You may recall that last year, after the Great Tohoku Earthquake in Japan, I participated in the publication of Quakebook, the first Twitter-sourced book that compiled stories of the quake. Besides spreading a message of hope, Quakebook allowed people to digitally download the book, with 100% of proceeds of sales going to the Red Cross.  It was a privilege to get to know the people involved, and the book was a remarkable success, both in e-book and eventually in print format as well.  Thousands of people bought the book and the money collected by the Red Cross was staggering.

That book was Twitter sourced, and it was stories about the quake.  Now, a year later, we need to examine the effects of the quake and how every-day life in Japan is forever altered by the experience.

To that end, coming out this week will be the one-year-anniversary follow-on book, published by Abiko Free Press.  This is not a book for charity.  This is hard journalism by professionals who examine, analyze and synthesize the experience through various lenses to achieve a modicum of clarity regarding the spirit of Japan since the quake, as well as a bit of what we can expect in the future.

It is, in short, becoming a work of staggering genius.

I am again involved, thanks to the great folks who are producing the book, and it is again a privilege to do it.

There are lessons out of 3/11 and we aim to find them, and embrace them.  Stay tuned for more information.

The Writer Edits

Every writer has his or her own process for working.

I’ve met people who write slowly and edit as they go, so each sentence comes out pristine and ready-for-action.  These people labor over the words and how they want to craft their ideas on the page so that the product after an hour of work might be 300 to 500 words, but what incredible words they are.

I am not in that camp.  For me, and hour means 1000 words of ideas, perhaps half of which are usable.  Oh perhaps I am being hard on myself, but I have a tendency to over-use adverbs and complicate my sentences with too many thoughts in one.  I am notorious for leaving out commas, though I avoid passive voice pretty well.   What this means is that I can do the NaNoWriMo (National Novel Writing Month), where writers produce 50,000 words in a month, without too much pain.  However, after the 50,000 words is where I get stuck.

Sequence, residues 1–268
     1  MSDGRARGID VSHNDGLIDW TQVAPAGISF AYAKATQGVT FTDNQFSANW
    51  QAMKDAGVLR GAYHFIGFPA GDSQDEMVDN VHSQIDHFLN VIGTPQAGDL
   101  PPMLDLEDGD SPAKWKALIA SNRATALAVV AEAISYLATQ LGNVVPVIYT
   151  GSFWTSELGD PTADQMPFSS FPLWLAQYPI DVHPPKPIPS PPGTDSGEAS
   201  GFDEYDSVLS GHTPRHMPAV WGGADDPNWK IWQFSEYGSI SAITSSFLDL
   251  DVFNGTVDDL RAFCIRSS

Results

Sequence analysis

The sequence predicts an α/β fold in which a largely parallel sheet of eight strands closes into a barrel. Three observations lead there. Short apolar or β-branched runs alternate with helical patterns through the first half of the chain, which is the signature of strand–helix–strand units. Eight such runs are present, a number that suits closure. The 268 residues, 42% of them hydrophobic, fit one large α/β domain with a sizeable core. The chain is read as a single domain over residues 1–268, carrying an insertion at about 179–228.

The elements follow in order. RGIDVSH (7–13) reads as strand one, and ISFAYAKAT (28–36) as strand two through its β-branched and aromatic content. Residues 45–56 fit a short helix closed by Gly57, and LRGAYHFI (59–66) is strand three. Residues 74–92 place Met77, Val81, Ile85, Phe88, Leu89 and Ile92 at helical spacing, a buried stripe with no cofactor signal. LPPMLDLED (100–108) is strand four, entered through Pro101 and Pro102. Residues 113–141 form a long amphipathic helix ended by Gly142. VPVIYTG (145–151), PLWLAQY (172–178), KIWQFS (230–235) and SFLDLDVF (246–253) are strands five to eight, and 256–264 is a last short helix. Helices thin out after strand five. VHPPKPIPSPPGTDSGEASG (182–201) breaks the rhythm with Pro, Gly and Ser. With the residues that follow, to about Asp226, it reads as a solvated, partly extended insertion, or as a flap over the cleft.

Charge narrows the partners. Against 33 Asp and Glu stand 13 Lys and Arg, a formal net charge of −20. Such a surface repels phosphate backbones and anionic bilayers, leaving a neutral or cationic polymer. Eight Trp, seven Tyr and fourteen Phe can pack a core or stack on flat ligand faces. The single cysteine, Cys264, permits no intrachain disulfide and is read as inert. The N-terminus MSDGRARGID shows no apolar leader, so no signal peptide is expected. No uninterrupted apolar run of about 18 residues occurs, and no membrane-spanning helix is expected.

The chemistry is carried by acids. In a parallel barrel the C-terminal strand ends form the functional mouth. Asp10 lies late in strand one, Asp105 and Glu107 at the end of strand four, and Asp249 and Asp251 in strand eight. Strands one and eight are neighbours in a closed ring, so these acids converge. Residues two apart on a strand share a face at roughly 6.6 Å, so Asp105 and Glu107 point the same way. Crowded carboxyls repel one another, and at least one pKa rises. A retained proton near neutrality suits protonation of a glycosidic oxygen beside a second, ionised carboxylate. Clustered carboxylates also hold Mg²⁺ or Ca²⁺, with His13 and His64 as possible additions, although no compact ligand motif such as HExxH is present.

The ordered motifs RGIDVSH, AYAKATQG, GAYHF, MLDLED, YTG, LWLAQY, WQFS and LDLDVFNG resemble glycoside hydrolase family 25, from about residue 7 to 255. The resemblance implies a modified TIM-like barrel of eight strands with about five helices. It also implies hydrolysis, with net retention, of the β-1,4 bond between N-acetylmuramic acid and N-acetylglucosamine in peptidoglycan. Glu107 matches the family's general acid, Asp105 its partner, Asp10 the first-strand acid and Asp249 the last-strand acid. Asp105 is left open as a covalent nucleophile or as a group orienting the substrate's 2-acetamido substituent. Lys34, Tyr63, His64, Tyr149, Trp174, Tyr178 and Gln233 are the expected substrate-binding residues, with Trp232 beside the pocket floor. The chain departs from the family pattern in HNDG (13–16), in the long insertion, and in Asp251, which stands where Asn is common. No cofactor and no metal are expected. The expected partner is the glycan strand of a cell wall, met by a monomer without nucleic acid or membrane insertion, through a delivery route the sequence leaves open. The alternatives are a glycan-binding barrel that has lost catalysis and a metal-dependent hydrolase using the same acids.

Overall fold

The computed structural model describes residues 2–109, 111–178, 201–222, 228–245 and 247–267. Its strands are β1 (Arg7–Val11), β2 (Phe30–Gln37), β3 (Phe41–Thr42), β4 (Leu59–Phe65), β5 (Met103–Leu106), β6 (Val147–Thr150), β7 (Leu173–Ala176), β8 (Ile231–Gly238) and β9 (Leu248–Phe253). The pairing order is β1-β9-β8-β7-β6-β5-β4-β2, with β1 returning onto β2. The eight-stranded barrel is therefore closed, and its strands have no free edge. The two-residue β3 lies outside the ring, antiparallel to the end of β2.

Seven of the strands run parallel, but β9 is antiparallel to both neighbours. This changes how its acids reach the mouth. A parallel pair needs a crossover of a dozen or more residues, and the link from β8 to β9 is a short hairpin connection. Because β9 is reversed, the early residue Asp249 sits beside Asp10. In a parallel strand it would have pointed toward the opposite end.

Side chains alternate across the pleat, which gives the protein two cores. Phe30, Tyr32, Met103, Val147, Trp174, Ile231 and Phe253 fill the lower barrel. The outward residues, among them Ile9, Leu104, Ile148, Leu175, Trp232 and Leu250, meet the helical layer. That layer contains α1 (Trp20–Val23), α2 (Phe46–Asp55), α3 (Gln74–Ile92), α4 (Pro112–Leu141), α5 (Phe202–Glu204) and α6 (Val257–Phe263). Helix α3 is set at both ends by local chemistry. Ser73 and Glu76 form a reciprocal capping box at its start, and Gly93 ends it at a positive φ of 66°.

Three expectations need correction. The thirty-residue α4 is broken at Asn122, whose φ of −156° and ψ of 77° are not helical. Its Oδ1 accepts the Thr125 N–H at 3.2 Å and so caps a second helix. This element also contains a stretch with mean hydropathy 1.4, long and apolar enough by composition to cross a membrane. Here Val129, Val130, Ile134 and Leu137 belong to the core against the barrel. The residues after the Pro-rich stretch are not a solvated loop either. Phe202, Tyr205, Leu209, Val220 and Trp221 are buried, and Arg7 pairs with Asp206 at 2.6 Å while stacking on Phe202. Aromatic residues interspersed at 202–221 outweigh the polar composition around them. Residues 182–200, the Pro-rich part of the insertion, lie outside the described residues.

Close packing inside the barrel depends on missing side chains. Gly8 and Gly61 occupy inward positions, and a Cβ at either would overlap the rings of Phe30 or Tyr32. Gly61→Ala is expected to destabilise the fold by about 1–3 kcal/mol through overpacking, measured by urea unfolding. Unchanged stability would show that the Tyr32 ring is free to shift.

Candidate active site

Editing.  Revising. I hate ‘em.

I know that if I go back and smooth over my work, it all comes out better.  I know that if I tighten up my dialogue, characters walk off the page more clearly.  But I don’t like doing it.  It has been suggested to me that I journal to see what it is I don’t like about the process.  I should force myself to do it and see where my roadblocks lie.  I have another friend who suggested that I like my words and I don’t want to delete them.  I’m not sure either approach is quite right – maybe it’s a combination of ideas on why the thought of it makes me attend to every task known to man before sitting down at the computer to actually do it.

I do know that I had an experience last week where I wrote a short story with a certain contest in mind that I wanted to enter.  The story, which came out pretty well on the first go, was just over 1800 words – very short.  I tried an experiment as I wrote – I wrote VERY SLOWLY.  Like others I know, I crafted the words carefully, and wrote down ideas on a separate piece of paper if they popped into my head as I was drafting.  It worked.  As I forced myself to edit, I realized that the work was better – much better – than any fiction I’ve produced in quite a while.

Then I looked at the contest rules.  The story had to be 750 words or fewer.  I still had to cut half of it out.  It took me almost two hours, but I did it.  I cut cut cut.  I took out adverbs and the word “said” from everywhere.  I completely removed an ancillary character from the story.  There was a small, two paragraph flashback, and it too, hit the bin.  The story is different from the first version in many ways (of course I kept both!).  I like them each for different things, the way one likes her children – for the different things they offer.  (Let me know if you want to see the two stories – I’m happy to send them.)

It was a great experiment for me to do that story.  I feel stronger for it, though I do not like the process any more than I did a week ago.  At least, though, I can appreciate it.  I have a NaNoWriMo novel from a year ago that needs a lot of work.  The bare bones ideas are good and I think the characters are fun.  The book need beefing up and paring down all at the same time.

It seems to me to be a good February and March project.  Editing.  Here we go!